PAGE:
“This year, the DFL legislature has made the investments necessary to give our kids the quality education they deserve—and the quality education our future depends on. All-day Kindergarten should have happened years ago; we’re catching up and we’re moving ahead. This is money well spent, and I think Minnesotans will know that and believe it,” said Governor Dayton.
This legislative session was highlighted by once in a generation investments in our schools, including our state’s first commitment to all-day kindergarten for every child. Minnesota schools will see over $240 million in new funding thanks to the budget agreed to by the Governor and DFL leaders, including millions for early learning, testing reform and special education.
On Tuesday, Governor Dayton and DFL legislative leaders held a press conference to talk about middle class investments made in the Minnesota state budget
The budget passed by Governor Dayton and the DFL legislature puts fairness back in the system. It strengthens Minnesota’s middle class and our economy by lowering property taxes and making investments in education and job creation to move Minnesota forward.
The budget closes the deficit for the long term and makes spending cuts and reforms. It pays for new investments in education and job creation by asking the richest 2% of Minnesotans to pay their fair share and closing corporate tax loopholes.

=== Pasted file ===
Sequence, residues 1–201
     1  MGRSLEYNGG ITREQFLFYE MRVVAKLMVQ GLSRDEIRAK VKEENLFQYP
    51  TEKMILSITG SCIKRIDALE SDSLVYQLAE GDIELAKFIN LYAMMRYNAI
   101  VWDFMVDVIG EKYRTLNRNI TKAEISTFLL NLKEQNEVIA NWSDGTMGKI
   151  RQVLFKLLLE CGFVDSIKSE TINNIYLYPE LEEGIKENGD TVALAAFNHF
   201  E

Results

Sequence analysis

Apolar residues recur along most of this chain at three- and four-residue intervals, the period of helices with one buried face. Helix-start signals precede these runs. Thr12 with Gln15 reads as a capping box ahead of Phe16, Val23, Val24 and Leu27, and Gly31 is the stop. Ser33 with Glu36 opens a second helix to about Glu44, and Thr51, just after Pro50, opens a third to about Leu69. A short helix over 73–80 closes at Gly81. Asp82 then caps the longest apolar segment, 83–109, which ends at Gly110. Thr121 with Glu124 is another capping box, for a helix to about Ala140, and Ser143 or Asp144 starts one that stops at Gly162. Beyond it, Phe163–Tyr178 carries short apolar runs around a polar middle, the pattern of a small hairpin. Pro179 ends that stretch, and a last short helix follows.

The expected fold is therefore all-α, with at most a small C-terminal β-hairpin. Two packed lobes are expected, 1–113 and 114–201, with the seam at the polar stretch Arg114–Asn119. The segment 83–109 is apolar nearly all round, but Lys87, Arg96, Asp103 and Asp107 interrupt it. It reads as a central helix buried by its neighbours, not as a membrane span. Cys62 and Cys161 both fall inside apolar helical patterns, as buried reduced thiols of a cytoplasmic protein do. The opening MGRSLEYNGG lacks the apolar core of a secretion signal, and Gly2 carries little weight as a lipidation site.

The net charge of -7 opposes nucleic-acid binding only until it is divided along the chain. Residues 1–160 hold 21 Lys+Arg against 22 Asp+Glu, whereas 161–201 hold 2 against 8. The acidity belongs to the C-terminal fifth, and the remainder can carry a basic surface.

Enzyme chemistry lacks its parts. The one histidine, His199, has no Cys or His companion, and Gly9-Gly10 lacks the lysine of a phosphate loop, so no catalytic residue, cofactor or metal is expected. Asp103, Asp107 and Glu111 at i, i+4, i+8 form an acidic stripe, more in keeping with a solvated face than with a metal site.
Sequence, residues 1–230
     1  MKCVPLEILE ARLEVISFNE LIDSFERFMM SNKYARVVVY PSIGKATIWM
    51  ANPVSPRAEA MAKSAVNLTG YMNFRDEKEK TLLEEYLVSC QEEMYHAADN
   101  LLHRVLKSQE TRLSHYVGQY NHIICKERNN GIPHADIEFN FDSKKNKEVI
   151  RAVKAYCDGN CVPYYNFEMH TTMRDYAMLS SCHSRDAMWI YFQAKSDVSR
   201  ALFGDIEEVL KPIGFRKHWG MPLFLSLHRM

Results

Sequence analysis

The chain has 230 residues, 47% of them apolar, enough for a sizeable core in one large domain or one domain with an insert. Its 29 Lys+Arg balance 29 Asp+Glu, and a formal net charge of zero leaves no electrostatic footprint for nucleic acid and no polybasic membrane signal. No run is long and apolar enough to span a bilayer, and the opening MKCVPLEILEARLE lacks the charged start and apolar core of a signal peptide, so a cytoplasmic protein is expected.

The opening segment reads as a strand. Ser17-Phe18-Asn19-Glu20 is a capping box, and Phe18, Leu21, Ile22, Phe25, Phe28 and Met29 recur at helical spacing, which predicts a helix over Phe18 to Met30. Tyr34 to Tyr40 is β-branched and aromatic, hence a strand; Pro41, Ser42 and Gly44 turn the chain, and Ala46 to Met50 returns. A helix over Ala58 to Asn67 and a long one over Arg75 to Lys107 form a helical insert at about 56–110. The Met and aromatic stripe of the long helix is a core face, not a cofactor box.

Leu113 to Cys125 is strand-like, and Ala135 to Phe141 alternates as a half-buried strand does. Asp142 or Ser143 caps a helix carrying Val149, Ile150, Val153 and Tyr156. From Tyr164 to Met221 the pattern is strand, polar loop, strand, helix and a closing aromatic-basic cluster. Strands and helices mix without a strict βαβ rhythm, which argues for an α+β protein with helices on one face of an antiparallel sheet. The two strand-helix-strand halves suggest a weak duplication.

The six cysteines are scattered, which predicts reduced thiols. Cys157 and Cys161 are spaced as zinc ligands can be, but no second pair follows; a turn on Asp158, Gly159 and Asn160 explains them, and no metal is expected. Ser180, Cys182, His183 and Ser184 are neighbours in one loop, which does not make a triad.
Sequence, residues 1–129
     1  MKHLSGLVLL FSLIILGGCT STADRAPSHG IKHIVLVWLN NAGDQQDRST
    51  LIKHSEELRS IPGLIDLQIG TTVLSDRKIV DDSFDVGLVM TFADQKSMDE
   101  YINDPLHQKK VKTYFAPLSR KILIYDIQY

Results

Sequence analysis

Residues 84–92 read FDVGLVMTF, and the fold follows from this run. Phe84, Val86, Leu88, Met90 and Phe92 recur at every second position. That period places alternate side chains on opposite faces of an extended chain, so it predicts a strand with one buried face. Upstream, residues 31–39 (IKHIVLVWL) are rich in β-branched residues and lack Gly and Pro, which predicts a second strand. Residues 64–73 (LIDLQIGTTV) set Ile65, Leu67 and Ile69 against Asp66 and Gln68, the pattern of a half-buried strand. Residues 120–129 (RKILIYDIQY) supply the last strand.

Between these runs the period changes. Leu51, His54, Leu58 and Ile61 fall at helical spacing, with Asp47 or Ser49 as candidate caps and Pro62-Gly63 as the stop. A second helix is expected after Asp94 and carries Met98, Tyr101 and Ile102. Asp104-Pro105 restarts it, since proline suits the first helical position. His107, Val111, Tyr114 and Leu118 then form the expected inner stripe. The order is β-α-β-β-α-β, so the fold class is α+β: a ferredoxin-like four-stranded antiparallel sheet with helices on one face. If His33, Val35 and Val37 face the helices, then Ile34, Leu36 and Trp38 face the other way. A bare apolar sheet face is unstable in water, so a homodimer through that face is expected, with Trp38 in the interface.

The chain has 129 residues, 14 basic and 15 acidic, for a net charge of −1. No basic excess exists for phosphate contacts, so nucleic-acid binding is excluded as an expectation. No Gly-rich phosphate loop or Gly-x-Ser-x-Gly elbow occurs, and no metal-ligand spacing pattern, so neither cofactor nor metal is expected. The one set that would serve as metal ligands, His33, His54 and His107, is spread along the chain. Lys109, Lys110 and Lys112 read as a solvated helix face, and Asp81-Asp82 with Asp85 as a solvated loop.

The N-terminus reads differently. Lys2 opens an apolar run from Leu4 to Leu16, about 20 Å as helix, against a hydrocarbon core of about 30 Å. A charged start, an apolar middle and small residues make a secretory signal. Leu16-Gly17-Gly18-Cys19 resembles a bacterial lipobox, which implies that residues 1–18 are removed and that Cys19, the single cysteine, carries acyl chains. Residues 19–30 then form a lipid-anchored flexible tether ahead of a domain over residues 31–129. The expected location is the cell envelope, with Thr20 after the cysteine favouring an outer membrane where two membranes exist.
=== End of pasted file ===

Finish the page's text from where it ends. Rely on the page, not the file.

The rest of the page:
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Yesterday, thousands of Minnesotans joined the Governor Dayton at the State Capitol as he signed the Freedom to Marry bill. We gathered some of our favorite tweets from the day to share on our blog. Thank you to everyone who joined the Governor and legislators yesterday at the Capitol and on Twitter on this historic day! Follow Governor Dayton on Twitter and Facebook for the latest news.
Today, Governor Mark Dayton, joined by Representative Karen Clark, Senator Scott Dibble, Senator Tom Bakk, Representative Paul Thissen, and thousands of supporters, signed HF 1054/SF 925 into law, granting all Minnesotans the freedom to marry.
Governor Dayton's Remarks as Prepared for Delivery:
What a difference a year and an election make in Minnesota! Last year, there were concerns that marriage equality would be banned forever. Now, my signature will make it legal in two and one-half months.
First and foremost, I want to thank the people of Minnesota, who voted last year to defeat a very destructive Constitutional Amendment, and also to elect courageous legislators, who would support this monumental social advance.
I want to thank the activists, all of you here tonight and the thousands more throughout our state, who worked so long and so hard to win this extraordinary victory.
At the risk of leaving out many deserving leaders, special recognition should go to Richard Carlbom, who brilliantly masterminded last year’s and this year’s campaigns.